Human? Bah.

Jesse Chan-Norris ( )

Really, what's so great about humans? Or rather, why are we so caught up in trying to distinguish between human and non-human? In Blade Runner, we are presented with just this dilemma. Deckard falls in love with a woman who is like any other woman, except for the slight little issue that she is not actually human. She was never born, she didn't have a childhood, she didn't have parents. She has memories, but she never had experiences.

But really, what's the difference? What is it that makes a person who has had experiences that much different than a humanoid creature who looks pretty much human and acts human and is indistinguishable from a human (other than a slight variation in eye movement when responding to a set series of questions)? Perhaps it is that regardless of what memories both individuals may have (or believe that they have), one of them actually experienced an event which is stored in those memories whereas the other one never did. Does a true memory a human make? human.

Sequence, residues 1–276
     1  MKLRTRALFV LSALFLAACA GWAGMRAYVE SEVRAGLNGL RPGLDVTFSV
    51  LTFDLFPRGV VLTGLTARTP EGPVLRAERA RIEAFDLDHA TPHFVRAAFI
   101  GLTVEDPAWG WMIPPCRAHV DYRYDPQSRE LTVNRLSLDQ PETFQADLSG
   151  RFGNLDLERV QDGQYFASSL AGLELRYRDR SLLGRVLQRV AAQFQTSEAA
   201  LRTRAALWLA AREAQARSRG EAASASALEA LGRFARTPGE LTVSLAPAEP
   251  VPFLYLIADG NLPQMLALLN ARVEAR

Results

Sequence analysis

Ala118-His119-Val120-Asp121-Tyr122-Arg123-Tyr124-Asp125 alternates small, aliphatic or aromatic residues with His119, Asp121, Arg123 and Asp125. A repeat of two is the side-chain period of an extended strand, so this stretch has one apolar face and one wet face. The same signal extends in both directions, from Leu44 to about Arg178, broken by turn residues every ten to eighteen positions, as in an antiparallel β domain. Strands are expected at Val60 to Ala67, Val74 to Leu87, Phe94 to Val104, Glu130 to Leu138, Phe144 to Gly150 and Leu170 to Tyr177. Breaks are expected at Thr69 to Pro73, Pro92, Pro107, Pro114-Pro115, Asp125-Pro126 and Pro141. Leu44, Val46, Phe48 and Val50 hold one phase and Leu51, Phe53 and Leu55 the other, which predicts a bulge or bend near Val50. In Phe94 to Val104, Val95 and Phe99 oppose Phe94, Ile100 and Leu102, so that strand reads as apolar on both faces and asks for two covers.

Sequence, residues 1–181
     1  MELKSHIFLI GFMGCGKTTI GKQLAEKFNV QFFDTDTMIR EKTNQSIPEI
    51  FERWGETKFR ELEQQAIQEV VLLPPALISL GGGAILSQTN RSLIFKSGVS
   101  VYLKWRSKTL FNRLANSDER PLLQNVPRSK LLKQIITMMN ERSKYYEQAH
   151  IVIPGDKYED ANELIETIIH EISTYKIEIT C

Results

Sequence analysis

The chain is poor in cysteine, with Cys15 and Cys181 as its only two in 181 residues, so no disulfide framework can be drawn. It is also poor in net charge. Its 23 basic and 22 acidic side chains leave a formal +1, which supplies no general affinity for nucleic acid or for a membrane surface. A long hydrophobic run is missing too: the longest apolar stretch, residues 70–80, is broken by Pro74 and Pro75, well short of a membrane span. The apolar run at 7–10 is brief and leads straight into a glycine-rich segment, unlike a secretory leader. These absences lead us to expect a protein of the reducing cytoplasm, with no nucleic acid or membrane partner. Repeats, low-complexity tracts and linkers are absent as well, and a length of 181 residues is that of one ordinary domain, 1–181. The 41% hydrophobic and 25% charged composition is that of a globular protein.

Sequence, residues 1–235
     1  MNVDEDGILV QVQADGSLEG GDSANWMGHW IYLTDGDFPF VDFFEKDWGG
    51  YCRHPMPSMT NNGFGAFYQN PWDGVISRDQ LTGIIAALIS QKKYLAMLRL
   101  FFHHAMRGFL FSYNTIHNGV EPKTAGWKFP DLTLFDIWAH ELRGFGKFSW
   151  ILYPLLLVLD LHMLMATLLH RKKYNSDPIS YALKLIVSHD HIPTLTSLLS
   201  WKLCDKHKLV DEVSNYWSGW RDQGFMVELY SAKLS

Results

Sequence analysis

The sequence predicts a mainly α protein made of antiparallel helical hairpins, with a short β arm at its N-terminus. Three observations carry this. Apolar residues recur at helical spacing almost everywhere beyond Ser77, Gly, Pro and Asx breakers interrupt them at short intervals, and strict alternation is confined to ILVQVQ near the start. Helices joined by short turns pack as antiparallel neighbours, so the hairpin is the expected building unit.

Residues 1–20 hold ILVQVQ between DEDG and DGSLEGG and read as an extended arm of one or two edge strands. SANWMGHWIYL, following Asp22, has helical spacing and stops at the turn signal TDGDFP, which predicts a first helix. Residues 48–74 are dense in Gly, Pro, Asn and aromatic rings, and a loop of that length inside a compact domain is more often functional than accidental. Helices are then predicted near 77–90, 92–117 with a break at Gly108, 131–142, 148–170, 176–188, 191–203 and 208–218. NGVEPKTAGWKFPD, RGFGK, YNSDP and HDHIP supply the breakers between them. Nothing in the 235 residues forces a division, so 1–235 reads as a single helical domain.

Perhaps it is just the sentient nature of humans which does not allow us to accept the fact that there are beings that can act and think as rationally (or irrationally, as the case may be) as humans, and yet not be human. Humans have been at the top of the food chain for so long that it is hard to believe that there could be anything out there that could rival, or even exceed, us in abilities. If, however, there is such a being, then we must remain in control. Call it a defense mechanism.

If these beings are in fact superior to us, we could very well be on our way to extinction. Lay on top of that the fact that we ourselves created the beings that are going to lead to our own demise and the need for distinction between the creator and that which has been created becomes more apparent. When we can no longer distinguish what is human and what is not, then being human is not that special any more.

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